Sometimes, how quickly you can slow down is just as important as how quickly you can speed up.
As I was building up my Impala back in high school to go faster with an Edelbrock Performer package, Dynomax headers, B&M Stage II shift kit in the TH-350, etc., my friends’ dads were telling me, “you’re gonna kill yourself in that car boy!”
Now that I’m older and have kids of my own, I have a deeper desire to not only make my car perform well, but to do it safely. Which is why I’m going through this effort of swapping out the non-boosted drum brakes for the factory upgraded power discs.
Little background on the car: it’s a 1969 Chevy Impala 4-door hardtop with a 355 cubic-inch small block and a TH-350 transmission. My dad built it back in the 1980s with a brand new black interior, some Cragar SS wheels, and Mercedes Benz Signal Red paint — gosh it was gorgeous. I actually came home from the hospital in that car when I was born back in ’86.
It was driven into the ground as the family hauler, and then I acquired it in high school. My dad and I rebuilt the motor and the suspension and I drove it like that for quite a while. Then I started dabbling in the Jeep world and the Chevy sat for a long time. I recently got it back on the road and it’s time for some upgrades!
So what advantage do disc brakes give you over drums? I can give you three reasons: better performance, self-adjustment, and easy maintenance.
Brakes work by converting kinetic energy into thermal energy, but for brakes to continue to work that thermal energy must be released from the brake system; i.e. heat dissipation. In drum brakes, the friction material is completely enclosed inside the drum, creating a situation where the heat created from braking is trapped within the system. When the drum gets too hot, it loses its ability to transform the kinetic energy into thermal energy and you end up with brake fade and loss of stopping power.
With disc brakes, the entire system is exposed to the outside air. This allows the heat that is created from braking to dissipate quickly, reducing brake fade and increasing stopping power. Many rotors are vented (even the factory 1969 impala rotors) as well and some are slotted and/or cross drilled, which allows for even more heat dissipation and gas release.
Wet brakes do not perform as well as dry brakes simply because the moisture acts somewhat like a lubricant between the friction material and the drum or rotor. Disc brakes handle wet conditions better than drum brakes simply because of their open design. In a drum brake, the moisture has nowhere to go and therefore it takes much longer to dry out. The open design of disc brakes not only allows the moisture to “drain” away quickly, but the air moving past the disc and caliper causes it to dry faster.
Disc brakes also apply quicker than drum brakes, which not only increases safety by decreasing the gap between the drivers response time and brake actuation, but also allows drivers in a performance situation to wait longer before braking before entering a corner. This quicker actuation is due to less moving parts and tighter tolerances between the pad and the rotor compared to the tolerances between the shoes and drum.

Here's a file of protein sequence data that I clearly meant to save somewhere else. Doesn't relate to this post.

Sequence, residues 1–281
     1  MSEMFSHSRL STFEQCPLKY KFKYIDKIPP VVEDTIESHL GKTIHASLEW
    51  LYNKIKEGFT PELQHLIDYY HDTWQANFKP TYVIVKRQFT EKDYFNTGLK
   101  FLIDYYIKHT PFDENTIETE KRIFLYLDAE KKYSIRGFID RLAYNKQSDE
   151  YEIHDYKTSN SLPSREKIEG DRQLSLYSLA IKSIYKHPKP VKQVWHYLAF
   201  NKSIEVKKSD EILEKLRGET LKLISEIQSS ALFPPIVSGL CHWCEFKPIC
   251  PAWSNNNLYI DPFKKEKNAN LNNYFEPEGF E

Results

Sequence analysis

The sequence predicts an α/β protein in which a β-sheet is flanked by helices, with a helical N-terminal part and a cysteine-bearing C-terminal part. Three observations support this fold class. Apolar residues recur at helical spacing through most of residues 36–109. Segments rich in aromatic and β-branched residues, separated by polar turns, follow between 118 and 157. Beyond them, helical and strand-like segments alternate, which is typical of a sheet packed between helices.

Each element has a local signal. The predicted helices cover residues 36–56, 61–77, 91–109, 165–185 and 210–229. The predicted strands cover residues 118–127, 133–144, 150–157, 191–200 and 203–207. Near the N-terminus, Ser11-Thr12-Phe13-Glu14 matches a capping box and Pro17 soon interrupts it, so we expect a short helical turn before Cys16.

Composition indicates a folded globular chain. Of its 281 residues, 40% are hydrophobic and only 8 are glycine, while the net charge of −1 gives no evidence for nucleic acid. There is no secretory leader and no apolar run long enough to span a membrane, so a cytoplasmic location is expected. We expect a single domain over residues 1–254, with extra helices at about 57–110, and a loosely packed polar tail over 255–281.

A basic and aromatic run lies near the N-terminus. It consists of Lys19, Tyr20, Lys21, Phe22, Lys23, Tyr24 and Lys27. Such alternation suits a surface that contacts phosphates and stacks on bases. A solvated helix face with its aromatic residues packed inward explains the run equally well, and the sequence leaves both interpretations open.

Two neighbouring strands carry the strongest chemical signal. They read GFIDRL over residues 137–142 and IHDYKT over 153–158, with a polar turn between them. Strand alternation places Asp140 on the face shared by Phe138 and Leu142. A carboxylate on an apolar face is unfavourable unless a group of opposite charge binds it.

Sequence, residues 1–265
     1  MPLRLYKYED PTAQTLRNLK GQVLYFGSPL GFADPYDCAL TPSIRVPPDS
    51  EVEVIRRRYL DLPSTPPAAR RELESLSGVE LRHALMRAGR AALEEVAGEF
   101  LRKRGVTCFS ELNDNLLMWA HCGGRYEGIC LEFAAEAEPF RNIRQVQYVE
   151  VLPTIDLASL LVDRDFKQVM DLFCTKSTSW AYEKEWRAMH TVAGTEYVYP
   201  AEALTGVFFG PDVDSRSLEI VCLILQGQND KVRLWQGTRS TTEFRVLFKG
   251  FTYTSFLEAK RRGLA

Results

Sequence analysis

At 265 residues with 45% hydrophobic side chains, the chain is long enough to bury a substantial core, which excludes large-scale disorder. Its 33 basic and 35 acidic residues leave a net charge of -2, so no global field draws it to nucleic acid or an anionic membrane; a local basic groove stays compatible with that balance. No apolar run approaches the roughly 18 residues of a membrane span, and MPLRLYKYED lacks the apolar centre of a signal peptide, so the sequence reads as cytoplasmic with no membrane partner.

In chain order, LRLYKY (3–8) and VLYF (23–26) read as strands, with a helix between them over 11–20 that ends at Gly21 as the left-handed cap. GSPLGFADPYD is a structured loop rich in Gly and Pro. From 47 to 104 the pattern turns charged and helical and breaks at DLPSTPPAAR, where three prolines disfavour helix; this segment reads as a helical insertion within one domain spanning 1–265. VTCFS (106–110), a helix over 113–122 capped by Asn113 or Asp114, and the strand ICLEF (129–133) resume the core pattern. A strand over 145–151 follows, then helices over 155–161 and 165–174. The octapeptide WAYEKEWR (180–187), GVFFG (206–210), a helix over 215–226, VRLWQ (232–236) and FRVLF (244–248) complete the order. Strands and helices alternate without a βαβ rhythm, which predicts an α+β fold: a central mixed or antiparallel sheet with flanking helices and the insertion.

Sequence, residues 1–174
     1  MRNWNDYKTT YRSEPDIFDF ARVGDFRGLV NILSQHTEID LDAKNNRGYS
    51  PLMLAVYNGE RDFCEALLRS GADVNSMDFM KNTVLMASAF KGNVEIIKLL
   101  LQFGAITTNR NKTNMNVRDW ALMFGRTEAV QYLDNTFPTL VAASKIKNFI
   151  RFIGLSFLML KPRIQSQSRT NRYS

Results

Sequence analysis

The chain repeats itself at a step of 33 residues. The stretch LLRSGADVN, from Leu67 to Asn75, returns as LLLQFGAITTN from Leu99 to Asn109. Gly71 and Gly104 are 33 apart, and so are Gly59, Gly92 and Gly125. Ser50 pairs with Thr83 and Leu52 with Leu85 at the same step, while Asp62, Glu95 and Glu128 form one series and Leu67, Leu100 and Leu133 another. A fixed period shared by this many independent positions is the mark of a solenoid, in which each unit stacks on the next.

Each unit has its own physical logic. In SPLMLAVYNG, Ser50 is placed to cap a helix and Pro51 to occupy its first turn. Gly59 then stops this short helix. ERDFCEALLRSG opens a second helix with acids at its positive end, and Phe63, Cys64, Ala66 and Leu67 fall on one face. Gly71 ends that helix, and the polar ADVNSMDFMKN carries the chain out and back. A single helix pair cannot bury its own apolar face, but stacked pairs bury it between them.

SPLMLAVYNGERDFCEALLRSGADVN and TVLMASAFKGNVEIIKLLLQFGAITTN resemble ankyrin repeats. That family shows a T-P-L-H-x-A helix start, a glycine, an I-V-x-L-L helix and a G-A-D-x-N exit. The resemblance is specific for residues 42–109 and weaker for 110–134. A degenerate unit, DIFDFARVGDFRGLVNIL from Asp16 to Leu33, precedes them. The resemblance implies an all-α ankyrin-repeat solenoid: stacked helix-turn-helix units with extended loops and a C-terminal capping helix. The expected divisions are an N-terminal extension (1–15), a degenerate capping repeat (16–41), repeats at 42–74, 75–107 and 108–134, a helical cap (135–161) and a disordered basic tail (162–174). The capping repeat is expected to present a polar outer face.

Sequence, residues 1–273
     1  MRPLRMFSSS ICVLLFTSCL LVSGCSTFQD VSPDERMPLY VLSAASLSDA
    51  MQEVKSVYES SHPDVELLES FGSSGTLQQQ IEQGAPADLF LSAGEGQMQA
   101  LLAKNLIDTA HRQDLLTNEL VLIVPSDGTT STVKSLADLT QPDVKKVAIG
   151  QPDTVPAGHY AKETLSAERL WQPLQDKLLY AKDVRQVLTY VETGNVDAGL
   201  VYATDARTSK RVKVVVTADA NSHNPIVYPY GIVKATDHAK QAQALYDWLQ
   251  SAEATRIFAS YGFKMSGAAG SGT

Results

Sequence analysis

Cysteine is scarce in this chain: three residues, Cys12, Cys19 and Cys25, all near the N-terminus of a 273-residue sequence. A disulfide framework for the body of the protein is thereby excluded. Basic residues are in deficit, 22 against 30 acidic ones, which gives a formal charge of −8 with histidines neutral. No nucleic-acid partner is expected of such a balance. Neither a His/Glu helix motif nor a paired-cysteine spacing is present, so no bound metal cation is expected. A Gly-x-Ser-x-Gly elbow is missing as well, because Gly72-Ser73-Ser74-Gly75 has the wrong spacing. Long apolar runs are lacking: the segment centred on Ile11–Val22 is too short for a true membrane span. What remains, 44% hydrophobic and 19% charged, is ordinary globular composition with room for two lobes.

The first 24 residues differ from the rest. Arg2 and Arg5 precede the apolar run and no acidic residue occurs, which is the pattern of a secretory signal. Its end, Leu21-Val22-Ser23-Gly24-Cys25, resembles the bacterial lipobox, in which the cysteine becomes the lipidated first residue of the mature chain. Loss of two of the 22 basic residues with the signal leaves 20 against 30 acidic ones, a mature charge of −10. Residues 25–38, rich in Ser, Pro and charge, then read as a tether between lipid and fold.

Both drum brakes and disc brakes can self-adjust as the friction material wears — disc brakes just do it better. Drum brakes adjust with a star gear attached to a screw, which pushes out on the brake shoes. There is a lever with spring pressure that pushes on the star gear and locks into the gear teeth when enough friction material has worn away. Imbalances in brake actuation time between driver and passenger sides can happen due to this incremental adjustment. When these imbalances happen, it can cause one side to engage before the other. That can cause the car to dart one way, then the other as you press the brakes.
Disc brakes adjust simply in the amount of hydraulic fluid is in the caliper. As the friction material is worn away, the caliper bore holds more fluid behind the piston to keep the brake pad against the rotor.
Disc brakes are also way easier to work on. If you have ever had a set of drum brakes apart, you know that there are a bazillion parts within the drum!
Every time I rebuild a set of drums, I end up with bloody knuckles from taking all the springs and clips apart. Disc brake pads are a hundred times easier to replace than drum brake shoes. Usually it just requires removing a couple bolts to undo the caliper, a little squeeze on the piston to make room for the new pads, and you’re all set.
Back in the 1960s and ‘70s, muscle cars were getting more and more powerful, and therefore getting faster and faster. With this speed came a need for increased safety, which is why you could upgrade your drum brakes to factory disc brakes. The donor car for my project was a 1969 Chevy Impala 2 door Hardtop.
This car had a 396 big block, bucket seats, console, and factory power disc brakes. By the time I bought this thing 16 years ago, the buckets, console, and big block were gone, and it had no title. So I scavenged the brake parts, steering column, and a few other random things for my car and parted the rest.
I reused the bearings, hubs, rotors, spindles, and calipers. I replaced the booster and master cylinder with a Right Stuff Detailing master cylinder and booster (RSD-G94210971) and brake hose (RSD-FH46), Bendix CT ceramic brake pads (BEN-SBC52) and rebuilt the calipers with a Dorman kit (DHB-D35494). The car is much more enjoyable to drive, and I feel much more comfortable hauling my kiddos around in it. You can see the entire install on my YouTube channel: